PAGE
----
On January 24, Murphy was again summoned to the White House, this time to meet with President Trump. After a preliminary meeting, Murphy, Kelly, Mulvaney, Wray, and Deputy Attorney General Rod Rosenstein met with the President in the Oval Office to recap the proposed outcome. The GSA had agreed to tear down the Hoover Building and rebuild a new headquarters in the same location, despite “challenges” in “securing appropriations for the project” and “potential resistance from local congressional delegations.”
In early February, Murphy made a presentation to the Senate Environment and Public Works Committee on the GSA’s plan to temporarily relocate the 11,000 FBI headquarters employees, demolish the Hoover Building, and build a new facility on the same site, where most of the displaced staff would return. The plan was met with outrage.
Representative Steny Hoyer of Maryland (D), whose district had been a contender for the scuttled construction plan, called on Congress to reject the proposal and investigate. “Why the Trump Administration would so suddenly forgo years of study that led to careful recommendations—not to mention the millions of dollars spent in the effort to move the Bureau’s headquarters—is beyond astounding, and quite frankly, extremely alarming,” Hoyer said.
When Ochoa began the investigation in March 2018, she faced resistance from within the GSA. Her report stated some witnesses “refused to answer any questions” related to “White House meetings” because they were “told or believed the information was subject to executive privilege.”
(Executive privilege is used to protect a president’s private deliberations from other branches of government. Former President Richard Nixon lost a lawsuit against the GSA over control of his presidential records.)
As Ochoa’s investigators struggled to determine “whether GSA took the position that executive privilege precluded sharing information with the [Office of Inspector General], which is part of GSA and within the Executive Branch,” as the resulting watchdog report details, they learned White House Counsel’s office directed GSA employees they “were authorized to disclose to the [Office of Inspector General] the existence of the White House meetings,” but “not to disclose any statements made by the President.” (GSA responded, in an appendix to the OIG report, regarding White House Counsel’s direction, that since Murphy was “not authorized to disclose the content of presidential communications from those meetings. A formal assertion of executive privilege, therefore, was not necessary.”)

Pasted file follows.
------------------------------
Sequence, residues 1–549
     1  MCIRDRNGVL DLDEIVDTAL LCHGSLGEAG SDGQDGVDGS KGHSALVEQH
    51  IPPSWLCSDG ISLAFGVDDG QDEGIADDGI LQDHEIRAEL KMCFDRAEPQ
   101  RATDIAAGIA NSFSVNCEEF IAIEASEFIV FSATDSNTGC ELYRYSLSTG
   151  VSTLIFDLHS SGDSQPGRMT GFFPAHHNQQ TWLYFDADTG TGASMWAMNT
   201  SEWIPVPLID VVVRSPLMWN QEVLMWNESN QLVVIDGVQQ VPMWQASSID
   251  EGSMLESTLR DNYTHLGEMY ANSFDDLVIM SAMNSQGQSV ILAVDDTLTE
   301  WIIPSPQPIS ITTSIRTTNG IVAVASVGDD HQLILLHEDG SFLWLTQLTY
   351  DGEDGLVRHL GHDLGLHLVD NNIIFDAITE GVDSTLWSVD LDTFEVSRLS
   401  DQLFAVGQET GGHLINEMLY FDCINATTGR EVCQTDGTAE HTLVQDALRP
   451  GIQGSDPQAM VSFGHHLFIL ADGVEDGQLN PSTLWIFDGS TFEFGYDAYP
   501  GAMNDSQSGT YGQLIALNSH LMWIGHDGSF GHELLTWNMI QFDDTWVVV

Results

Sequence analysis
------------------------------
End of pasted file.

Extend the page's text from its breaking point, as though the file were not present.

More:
As the stonewalling continued, GSA’s Murphy was asked to testify before Congress in an April 2018 hearing. Anticipating she might “be asked at the hearing if the White House was involved,” Murphy told Ochoa’s investigators that prior to the hearing she participated in at least “four preparatory sessions” and rehearsed the non-answer, “it would be inappropriate to comment on any discussion I had or did not have with the President.” As she expected, Murphy was questioned about whether “the [P]resident or any of the other officials at the White House” consulted “in the decision making process.” She deflected answering directly three times. Ochoa’s office wrote that Murphy “may have left the misleading impression that she had no discussions with the President or senior White House officials in the decisionmaking process about the project.”
Then, on July 29, Axiosreported that President Trump has been openly preoccupied with the fate of the FBI building, and the Washington Post followed up with a story that “President Trump has become personally involved in plotting a new FBI headquarters in downtown Washington.”
The President’s interference prompted allegations of self-interest from Congressional Democrats. Senator Chris Van Hollen (D-MD) stated, “there is no question that the President stands to gain financially by keeping the FBI in its existing building and blocking any competition for the Trump Hotel from being developed there.”
For the President’s part, White House Press Secretary Sarah Huckabee Sanders explained, “The President is interested in making sure taxpayer dollars spent on new buildings are being spent wisely and appropriately. He has been a builder all of his life and it should come as no surprise he wants to take the skills and great success he had in the private sector and apply it here.”